When it comes to building your architecture or design business, there's so much to consider. Beyond creating and establishing a vision, you have to market it and find the right people to help you realize it. How do you protect that vision, though? That's the question that came up at a recent workshop on intellectural property sponsored by the IIDA NY and LMNOP, an organization dedicated to providing professional development to members of the architecture and design communities. We thought the topic was timely—especially in the digital age—and were delighted to have the organizations put us in touch with Cheryl Davis, of Menaker & Herrman LLP, to answer some questions on how you can safegaurd your own intellectural property.
Why should designers care about design in the context of intellectual property?
A designer’s stock-in-trade is his/her designs, which are, by their very nature, “intellectual property.” It just makes good business sense to protect the source of your income. Even if you don’t intend to use the design again, retaining ownership of it may give you leverage. For example, if the client refuses to pay you for your design services, you may be able to withdraw permission to use your design until the dispute has been resolved. If you choose to transfer your intellectual property rights, you should at least use them as a bargaining chip, rather than simply giving them away.
What are some mistakes designers make when it comes to protecting (or not protecting) their intellectual property?
One of the worst mistakes is failing to address ownership of the intellectual property at the start of the relationship. If the agreement doesn’t clearly state who owns the designs, the client may presume that s/he owns the designs outright (a common misconception) and feel free to solicit and retain other designers to use your designs without your permission. If ownership of the designs is clear from the outset, the parties know where they stand.
By using patents properly, what can designers get out of them?
It’s sometimes difficult to obtain a copyright for what are termed “useful articles”—namely “an object that has an intrinsic utilitarian function”, such as a chair or a table. While copyright can protect the ornamentation and stylistic curlicues that make an item unique, it can be difficult to get the Copyright Office to find such ornamentation protectable, especially where it is difficult to clearly distinguish it from the useful nature of the article. However, a design patent—which protects the “new original and ornamental design for an article of manufacture”—may enable you to protect your product designs even when the copyright law won’t.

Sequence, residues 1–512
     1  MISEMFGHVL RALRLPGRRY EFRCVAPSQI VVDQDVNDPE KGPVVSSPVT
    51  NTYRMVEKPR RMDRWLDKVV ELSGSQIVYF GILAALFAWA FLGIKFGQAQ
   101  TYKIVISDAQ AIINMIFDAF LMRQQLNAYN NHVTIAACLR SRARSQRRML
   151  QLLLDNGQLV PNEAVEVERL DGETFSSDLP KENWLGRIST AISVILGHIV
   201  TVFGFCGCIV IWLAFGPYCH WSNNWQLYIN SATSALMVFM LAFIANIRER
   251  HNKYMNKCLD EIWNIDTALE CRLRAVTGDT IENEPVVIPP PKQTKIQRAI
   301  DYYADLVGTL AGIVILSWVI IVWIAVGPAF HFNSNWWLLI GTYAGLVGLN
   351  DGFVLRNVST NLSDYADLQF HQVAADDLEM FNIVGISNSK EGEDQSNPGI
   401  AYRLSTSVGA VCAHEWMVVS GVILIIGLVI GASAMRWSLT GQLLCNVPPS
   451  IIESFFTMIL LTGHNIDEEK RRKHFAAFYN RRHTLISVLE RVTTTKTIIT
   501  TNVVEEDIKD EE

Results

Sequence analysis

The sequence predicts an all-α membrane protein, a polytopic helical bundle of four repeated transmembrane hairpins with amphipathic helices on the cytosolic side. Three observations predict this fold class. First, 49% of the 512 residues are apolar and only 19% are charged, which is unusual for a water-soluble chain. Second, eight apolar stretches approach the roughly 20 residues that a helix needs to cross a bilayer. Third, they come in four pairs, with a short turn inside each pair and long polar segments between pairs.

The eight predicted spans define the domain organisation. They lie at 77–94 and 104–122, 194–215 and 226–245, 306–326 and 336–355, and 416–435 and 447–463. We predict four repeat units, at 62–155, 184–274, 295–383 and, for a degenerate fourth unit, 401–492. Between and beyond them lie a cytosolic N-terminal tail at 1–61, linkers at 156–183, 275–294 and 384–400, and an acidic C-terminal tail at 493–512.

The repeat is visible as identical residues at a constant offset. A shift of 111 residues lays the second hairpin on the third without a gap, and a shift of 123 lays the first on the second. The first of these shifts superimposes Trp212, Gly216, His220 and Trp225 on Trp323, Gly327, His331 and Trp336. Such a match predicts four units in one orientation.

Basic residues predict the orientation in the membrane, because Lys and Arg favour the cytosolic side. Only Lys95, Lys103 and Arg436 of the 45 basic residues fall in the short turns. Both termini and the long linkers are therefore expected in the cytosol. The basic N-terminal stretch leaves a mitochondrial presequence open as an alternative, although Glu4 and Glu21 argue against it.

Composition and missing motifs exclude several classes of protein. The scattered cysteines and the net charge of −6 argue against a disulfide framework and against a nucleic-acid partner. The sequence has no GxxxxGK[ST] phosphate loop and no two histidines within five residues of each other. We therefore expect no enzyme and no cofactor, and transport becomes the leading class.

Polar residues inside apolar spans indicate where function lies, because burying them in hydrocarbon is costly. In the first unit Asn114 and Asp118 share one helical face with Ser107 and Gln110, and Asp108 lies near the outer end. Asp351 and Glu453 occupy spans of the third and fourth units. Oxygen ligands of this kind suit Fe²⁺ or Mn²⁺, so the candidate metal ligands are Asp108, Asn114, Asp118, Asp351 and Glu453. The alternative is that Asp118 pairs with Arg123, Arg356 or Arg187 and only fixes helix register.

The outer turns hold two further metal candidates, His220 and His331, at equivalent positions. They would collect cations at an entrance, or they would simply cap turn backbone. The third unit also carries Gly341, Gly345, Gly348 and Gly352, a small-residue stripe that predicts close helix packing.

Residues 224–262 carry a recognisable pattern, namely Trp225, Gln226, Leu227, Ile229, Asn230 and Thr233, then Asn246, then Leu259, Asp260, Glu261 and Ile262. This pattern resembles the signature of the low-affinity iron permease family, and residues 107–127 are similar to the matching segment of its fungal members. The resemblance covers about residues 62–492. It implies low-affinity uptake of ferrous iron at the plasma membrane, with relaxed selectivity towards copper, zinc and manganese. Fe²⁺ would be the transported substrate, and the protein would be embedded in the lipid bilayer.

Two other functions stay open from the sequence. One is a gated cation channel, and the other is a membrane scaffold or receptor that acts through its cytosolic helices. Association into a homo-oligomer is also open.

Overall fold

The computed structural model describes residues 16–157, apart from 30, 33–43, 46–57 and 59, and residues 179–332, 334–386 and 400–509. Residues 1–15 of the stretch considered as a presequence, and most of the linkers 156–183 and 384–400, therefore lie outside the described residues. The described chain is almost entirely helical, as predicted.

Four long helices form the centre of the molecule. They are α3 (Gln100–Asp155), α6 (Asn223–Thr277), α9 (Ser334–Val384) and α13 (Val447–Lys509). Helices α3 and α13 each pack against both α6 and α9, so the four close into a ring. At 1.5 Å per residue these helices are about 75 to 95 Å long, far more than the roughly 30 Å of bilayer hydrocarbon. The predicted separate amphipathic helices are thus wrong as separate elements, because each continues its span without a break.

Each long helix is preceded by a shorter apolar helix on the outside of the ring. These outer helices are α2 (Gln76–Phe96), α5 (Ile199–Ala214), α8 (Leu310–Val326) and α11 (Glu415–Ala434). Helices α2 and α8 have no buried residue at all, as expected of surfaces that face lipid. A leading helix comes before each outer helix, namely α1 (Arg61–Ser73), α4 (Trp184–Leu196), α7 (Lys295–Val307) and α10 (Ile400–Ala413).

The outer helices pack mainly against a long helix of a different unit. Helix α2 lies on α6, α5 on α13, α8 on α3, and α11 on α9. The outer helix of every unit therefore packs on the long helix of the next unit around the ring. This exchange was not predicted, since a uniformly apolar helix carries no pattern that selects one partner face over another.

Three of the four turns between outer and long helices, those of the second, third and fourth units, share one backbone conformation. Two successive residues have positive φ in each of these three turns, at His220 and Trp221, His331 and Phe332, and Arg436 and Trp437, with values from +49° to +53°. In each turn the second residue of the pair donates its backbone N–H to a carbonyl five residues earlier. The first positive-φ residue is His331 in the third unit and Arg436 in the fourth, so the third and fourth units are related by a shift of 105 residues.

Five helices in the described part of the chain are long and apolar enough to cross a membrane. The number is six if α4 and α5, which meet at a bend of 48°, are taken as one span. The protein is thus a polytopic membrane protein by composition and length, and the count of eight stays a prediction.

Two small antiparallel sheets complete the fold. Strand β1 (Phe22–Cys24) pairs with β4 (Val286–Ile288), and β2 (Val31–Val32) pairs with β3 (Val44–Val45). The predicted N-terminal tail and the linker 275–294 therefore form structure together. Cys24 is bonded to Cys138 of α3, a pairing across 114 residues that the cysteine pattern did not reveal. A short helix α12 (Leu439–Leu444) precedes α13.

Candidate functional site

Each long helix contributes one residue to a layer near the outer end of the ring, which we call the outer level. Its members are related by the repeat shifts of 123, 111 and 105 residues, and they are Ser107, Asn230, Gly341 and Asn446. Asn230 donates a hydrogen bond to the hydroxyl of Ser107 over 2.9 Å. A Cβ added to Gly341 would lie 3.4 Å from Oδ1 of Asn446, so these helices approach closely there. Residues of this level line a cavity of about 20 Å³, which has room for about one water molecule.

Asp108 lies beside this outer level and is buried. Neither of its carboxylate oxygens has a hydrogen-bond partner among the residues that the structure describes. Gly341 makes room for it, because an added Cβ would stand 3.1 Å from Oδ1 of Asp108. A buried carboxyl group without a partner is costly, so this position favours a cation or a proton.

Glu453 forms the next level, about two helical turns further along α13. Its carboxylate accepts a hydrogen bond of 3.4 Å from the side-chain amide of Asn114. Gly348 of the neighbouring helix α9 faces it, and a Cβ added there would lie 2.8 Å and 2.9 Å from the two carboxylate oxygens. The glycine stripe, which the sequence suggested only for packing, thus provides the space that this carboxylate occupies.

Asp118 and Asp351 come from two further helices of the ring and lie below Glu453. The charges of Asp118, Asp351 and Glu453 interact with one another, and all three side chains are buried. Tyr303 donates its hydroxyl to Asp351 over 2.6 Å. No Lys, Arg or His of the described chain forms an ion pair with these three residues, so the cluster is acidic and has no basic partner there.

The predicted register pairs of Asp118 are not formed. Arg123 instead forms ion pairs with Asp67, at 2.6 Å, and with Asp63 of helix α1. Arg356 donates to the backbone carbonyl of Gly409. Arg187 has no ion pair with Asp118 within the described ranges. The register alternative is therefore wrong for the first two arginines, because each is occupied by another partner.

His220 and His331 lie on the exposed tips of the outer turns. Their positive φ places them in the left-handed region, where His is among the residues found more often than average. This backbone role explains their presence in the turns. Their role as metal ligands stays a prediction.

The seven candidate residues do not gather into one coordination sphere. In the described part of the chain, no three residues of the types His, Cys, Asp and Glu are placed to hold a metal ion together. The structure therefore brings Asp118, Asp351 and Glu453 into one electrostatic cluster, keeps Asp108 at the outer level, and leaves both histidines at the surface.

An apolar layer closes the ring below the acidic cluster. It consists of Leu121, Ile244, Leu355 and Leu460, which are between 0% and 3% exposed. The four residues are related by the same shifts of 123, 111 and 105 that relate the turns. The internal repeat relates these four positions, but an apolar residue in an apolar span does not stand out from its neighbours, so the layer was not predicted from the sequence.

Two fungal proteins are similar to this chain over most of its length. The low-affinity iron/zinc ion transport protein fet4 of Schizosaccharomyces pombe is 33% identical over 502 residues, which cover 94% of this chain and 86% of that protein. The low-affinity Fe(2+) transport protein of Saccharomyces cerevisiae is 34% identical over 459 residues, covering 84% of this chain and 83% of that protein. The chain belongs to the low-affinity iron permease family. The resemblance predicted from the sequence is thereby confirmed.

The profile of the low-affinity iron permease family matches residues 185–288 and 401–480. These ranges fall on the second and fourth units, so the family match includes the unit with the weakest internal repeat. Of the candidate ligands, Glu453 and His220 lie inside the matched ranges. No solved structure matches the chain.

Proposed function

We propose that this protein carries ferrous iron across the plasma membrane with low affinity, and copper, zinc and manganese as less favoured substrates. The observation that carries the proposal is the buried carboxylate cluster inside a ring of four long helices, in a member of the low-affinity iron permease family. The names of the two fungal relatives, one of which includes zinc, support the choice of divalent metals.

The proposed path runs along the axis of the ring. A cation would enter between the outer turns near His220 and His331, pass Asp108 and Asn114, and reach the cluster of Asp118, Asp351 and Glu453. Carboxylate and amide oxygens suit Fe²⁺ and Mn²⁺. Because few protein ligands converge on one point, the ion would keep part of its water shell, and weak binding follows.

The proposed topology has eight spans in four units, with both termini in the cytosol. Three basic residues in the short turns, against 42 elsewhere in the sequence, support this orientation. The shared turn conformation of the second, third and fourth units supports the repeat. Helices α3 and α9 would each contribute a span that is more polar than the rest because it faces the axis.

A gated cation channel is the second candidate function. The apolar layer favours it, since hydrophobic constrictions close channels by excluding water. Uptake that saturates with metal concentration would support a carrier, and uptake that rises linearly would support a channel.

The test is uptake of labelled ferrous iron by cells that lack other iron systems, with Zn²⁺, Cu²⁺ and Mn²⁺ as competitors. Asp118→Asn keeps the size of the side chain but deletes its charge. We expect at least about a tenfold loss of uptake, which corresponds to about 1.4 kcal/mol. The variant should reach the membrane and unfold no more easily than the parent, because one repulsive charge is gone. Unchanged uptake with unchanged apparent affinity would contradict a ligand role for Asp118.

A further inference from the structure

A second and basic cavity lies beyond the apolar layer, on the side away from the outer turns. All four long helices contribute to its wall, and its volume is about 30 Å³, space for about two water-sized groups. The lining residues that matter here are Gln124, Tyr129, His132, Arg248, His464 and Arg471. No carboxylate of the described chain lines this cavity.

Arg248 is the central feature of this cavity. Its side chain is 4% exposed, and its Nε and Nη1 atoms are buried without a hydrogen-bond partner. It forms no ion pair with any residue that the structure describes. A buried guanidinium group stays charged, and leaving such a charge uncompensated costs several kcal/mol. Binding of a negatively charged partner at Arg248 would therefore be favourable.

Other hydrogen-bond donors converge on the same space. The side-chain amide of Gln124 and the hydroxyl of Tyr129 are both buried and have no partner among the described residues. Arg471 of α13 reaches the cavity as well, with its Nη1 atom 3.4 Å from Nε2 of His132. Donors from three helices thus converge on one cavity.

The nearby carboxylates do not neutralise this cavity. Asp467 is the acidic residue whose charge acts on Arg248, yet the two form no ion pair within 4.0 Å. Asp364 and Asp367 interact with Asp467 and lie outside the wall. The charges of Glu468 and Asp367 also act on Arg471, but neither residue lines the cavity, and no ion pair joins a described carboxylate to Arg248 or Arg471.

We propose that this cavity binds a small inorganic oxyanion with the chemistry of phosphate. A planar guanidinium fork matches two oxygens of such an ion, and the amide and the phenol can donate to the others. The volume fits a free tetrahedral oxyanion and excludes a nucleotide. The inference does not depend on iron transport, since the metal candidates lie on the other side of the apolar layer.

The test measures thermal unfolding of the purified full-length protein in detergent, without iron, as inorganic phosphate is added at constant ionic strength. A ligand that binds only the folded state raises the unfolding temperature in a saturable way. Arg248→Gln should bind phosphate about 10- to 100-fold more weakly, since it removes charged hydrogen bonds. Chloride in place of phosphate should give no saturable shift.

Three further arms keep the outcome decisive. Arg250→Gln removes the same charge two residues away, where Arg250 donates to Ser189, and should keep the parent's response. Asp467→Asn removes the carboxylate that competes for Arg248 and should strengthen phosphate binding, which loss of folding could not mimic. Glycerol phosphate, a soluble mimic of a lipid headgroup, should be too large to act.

How can designers protect their work?
By making sure their agreements expressly state that the designer owns the intellectual property in her/his designs. They should also put proper notice on the designs when circulating them to clients, as well as registering the copyright and/or design patents in their designs.
What's the impact of an increasingly digital world have on designers' intellectual property?
It provides more ways in which the intellectual property can be exploited—and in which it can be infringed. The more people who see your designs via websites, Twitter, Pinterest or other media, the more likely it is that people will be intrigued by them and want to buy your services or your products. Conversely, images may be taken from your website and used as part of a digital advertising campaign for a product you disapprove of without your permission. Ease of access can cut both ways.